In summary, Recursive-DBSCAN performs better than OR-tools in terms of runtime thanks to dividing the node-set into smaller clusters, for which the optimisation results can be obtained more quickly than for the whole set being optimised at once, as the number of possible assignments and routes is greatly limited by breaking down the problem into constituent parts. Having less possible solutions to be checked means that the optimisation finishes more quickly.
At the same time, Recursive-DBSCAN performs better than DBSCAN in terms of total distance and number of vehicles used, as it simply creates less clusters than DBSCAN, which also leads to clusters containing more nodes on average. That allows the optimisation within clusters to be of better quality, as there is enough nodes to fully utilise the capacity of each vehicle.
Most importantly, the Recursive-DBSCAN method runtimes are more acceptable to be used in the ‘on-demand’ economy, as it reduces the time drivers would be required to wait compared to OR-tools and supports instances of more than 2000 nodes.
This paper has described Recursive-DBSCAN - a new clustering approach to solve Capacitated Vehicle Routing Problem. By recursively clustering nodes together in batches that contain a similar number of nodes, we were able to reduce the runtimes by as benchmarked against Google Optimization Tools. That improvement is caused by splitting the node-set into constituent parts, consequently reducing the possible number of assignments and routes. At the same time, the total distance for Recursive-DSBCAN routes was higher than for OR-tools. Currently, the presented approach is used by GOGOVAN to optimise their routes on a daily basis.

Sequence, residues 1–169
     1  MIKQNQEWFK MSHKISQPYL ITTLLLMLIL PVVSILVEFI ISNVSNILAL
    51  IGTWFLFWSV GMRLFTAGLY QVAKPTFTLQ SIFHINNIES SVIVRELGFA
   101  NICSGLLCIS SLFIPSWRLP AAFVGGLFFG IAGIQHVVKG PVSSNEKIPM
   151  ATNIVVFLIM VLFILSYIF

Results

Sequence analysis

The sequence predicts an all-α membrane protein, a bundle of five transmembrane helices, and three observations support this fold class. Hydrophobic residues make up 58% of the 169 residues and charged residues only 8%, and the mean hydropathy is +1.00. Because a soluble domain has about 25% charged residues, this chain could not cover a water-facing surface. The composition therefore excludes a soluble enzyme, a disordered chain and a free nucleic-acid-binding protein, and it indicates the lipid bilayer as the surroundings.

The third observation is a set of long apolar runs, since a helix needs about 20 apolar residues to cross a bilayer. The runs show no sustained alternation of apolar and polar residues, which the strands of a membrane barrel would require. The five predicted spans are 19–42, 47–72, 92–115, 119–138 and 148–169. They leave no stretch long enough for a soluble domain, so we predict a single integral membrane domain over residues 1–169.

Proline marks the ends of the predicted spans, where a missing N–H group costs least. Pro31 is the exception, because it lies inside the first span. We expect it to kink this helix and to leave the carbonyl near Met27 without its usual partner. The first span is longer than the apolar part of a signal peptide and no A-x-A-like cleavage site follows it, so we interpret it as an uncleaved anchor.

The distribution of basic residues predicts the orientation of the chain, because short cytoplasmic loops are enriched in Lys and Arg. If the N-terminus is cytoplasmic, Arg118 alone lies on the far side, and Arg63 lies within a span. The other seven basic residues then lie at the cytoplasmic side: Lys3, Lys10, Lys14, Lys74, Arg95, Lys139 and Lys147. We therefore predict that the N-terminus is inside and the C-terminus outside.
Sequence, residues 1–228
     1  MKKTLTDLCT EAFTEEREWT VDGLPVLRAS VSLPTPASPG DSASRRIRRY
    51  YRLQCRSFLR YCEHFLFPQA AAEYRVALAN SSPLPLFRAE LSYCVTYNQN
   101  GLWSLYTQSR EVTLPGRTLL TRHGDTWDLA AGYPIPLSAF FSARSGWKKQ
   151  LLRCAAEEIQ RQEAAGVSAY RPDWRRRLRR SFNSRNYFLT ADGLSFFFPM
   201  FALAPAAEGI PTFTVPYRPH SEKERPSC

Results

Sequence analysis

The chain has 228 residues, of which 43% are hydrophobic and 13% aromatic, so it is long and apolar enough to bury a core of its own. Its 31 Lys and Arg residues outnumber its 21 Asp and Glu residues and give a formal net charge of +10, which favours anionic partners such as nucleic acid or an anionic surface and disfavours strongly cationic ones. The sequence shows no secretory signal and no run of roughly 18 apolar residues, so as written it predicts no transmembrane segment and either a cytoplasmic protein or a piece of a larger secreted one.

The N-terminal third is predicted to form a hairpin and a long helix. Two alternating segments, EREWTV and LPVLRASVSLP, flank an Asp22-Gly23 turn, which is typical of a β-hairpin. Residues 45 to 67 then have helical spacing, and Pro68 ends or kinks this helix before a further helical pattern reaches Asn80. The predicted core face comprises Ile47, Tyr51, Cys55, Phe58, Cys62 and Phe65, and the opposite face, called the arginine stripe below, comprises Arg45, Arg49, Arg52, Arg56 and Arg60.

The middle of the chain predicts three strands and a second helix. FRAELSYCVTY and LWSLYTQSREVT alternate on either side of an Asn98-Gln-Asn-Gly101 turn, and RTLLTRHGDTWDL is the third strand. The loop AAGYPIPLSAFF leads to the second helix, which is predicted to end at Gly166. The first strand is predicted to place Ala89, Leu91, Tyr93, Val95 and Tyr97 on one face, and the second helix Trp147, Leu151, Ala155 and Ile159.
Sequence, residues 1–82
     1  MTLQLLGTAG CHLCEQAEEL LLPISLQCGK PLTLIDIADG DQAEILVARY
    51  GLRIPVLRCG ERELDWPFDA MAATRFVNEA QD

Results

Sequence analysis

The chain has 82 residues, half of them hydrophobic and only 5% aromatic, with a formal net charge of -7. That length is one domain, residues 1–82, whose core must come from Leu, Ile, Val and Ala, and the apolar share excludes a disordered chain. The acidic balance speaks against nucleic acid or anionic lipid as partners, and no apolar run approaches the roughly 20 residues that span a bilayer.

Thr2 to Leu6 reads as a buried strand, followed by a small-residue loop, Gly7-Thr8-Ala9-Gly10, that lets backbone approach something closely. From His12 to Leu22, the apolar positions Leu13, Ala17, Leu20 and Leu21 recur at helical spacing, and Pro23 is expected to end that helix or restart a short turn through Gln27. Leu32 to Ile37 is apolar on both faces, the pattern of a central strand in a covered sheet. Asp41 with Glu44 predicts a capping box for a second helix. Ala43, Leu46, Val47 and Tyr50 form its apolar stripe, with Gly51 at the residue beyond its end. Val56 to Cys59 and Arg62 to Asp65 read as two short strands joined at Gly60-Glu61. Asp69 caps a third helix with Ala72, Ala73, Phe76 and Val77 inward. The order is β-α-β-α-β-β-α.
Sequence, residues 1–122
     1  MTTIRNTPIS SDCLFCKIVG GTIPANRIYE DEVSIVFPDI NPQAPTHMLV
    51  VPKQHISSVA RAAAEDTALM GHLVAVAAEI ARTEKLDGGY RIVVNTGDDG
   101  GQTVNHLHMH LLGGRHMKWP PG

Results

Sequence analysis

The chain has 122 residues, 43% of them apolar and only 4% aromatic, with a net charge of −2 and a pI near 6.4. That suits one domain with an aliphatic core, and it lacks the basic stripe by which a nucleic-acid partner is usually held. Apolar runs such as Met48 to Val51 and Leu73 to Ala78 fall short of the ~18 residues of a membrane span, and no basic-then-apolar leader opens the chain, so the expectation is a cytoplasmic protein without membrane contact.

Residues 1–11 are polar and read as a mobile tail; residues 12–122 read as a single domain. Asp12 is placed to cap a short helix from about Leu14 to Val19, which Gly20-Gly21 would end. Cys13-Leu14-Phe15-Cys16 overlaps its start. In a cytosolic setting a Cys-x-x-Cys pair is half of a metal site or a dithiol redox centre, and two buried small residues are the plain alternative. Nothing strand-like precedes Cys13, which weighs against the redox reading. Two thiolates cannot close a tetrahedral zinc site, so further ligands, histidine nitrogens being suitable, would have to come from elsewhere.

We look forward to continue the work in that field. The next steps are to implement and benchmark the Recursive-DBSCAN clustering approach against some state-of-the-art solvers (Uchoa et al. 2016) using the test dataset provided by (Uchoa et al. 2016) as well. We hope to observe an improvement in runtimes against the state-of-the-art approaches, similarly to the improvement we have observed against Google Optimization Tools routing solver.
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Appendix A Testing Results
Below, we present the exact results of each CVRPTW optimisation request we have run. For data privacy reasons, unfortunately we cannot share the exact input.